trichloroethane and spent acid hydrite are shipped to
    an offsite recycler, and the spent cleaning solutions,
    scrubber effluent,  and rinse waters are piped to the
    plant's wastewater treatment system.  Grinding cool-
    ant is filtered and recirculated.

  « Ceramic Metal-Cutting Inserts

    Premolded inserts are ground to specifications.  After
    ultrasonic cleaning, the ceramic inserts are marked
    with ink and  packaged.  Grinding coolant is filtered
    and recirculated.

  • Diamond-Plated Cutting Wheels

    Steel  disks are machined, cleaned  with acetone,
    cleaned further in a detergent bath, given surface
    treatment in sulfuric acid, coated with a diamond abra-
    sive compound in a nickel lattice (plated from nickel
    sulfamate solution), and given a final "electroless plat-
    ing" of  nickel.   Wastes generated are  scrap  from
    machining,  spent solvent (acetone), spent cleaning
    rags, and spent detergent and reagent solutions. Spent
    acetone is  sent to  a recycler, the spent  rags are
    laundered offsite, and spent detergent and reagent
    solutions are piped  to the plant's wastewater treat-
    ment system.

  • Diamond Cutting Wheels

    Purchased aluminum disks and aluminum-resin disks
    manufactured in the  plant are used. Both forged and
    cast aluminum disks and the  aluminum-resin disks
    are machined  to working specifications.  A diamond
    abrasive compound  (including hexavalent potassium
    chromate) is then applied in a press, and the wheels
    are machined and  ground to final  specifications.
    Wastes  generated are aluminum and aluminum-resin
    scrap from  machining and grinding, and spent chro-
    mate solution.  Scrap aluminum is shipped to a scrap
    metal dealer,  waste  aluminum-resin mixture is dis-
    carded in municipal trash, hexavalent chromate solu-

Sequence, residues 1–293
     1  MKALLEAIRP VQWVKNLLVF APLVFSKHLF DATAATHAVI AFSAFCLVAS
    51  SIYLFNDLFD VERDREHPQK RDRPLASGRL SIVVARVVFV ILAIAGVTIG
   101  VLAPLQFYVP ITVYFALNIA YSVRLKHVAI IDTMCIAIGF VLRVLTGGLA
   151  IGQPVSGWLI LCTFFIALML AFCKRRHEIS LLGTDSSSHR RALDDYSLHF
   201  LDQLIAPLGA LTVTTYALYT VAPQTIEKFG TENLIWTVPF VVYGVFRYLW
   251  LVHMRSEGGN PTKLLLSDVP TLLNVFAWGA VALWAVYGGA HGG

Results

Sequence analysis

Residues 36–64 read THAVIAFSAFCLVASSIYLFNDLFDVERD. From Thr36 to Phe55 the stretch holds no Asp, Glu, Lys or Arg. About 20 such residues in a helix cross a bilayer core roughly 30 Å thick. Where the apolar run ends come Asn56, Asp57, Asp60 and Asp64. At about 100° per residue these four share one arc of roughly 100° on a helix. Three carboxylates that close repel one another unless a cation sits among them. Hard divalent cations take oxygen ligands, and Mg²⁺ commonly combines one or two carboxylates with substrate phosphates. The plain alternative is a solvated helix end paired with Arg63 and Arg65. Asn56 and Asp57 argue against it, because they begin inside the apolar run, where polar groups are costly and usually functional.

tion is converted to  the  less toxic trivalent by treat-
    ment  with sodium bisulfate and hydrated  lime and
    piped to the plant's wastewater treatment system, and
    grinding coolant is filtered and recirculated.

  • Wastewater Treatment

    Spent solutions and rinse waters are pH adjusted and
    pumped to  a floe tank before  settling in a clarifier.
    Decanted water is discharged to the municipal sewer
    system,  and sludge  is partially dewatered in  a sand
    bed filter and shipped for disposal as hazardous waste.

  • Coolant Filtering

    Spent machine  coolant is  filtered under  pressure
    through diatomaceous  earth.    The  coolant  is
    recirculated to the process, and sludge,  which  con-
    tains tungsten carbide, synthetic diamonds and diato-
    maceous earth, is shipped offsite for reclamation.

Existing Waste Management Practices
  • Spent hexavalent chromate solution is converted to a
    less toxic trivalent form by treatment with  sodium
    bisulfate and hydrated lime.

  • Process wastewater  is treated in  the plant by pH
    adjustment  and flocculation before discharge to the
    municipal sewer.

Waste Minimization Opportunities
The type of waste currently generated by the plant, the source
of the waste, the quantity of the waste, and the annual treat-
ment and disposal costs are given'in Table  1.

Table 2 shows  the opportunities for waste minimization and
cost savings that the WMAC  recommended to the plant.  The
minimization opportunities, the  possible waste reduction and
associated savings, and the implementation cost with payback
time are listed in the table. The quantities of waste generated